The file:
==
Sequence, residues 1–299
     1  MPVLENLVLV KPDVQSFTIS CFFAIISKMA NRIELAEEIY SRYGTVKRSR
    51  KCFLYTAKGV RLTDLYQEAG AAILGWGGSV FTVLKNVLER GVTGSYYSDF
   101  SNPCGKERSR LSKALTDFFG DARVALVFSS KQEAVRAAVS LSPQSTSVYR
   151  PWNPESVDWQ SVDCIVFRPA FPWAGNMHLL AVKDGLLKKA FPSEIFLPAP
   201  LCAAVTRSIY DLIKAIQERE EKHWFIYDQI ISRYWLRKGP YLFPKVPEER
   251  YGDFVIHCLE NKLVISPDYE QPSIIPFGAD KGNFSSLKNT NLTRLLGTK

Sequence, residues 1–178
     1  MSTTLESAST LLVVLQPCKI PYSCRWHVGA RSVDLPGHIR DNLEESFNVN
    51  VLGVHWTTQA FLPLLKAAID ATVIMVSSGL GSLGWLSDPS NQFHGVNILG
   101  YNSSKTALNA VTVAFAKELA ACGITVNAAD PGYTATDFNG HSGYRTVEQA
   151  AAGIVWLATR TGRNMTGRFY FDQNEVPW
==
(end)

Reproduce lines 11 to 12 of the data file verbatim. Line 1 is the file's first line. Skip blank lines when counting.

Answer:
   101  YNSSKTALNA VTVAFAKELA ACGITVNAAD PGYTATDFNG HSGYRTVEQA
   151  AAGIVWLATR TGRNMTGRFY FDQNEVPW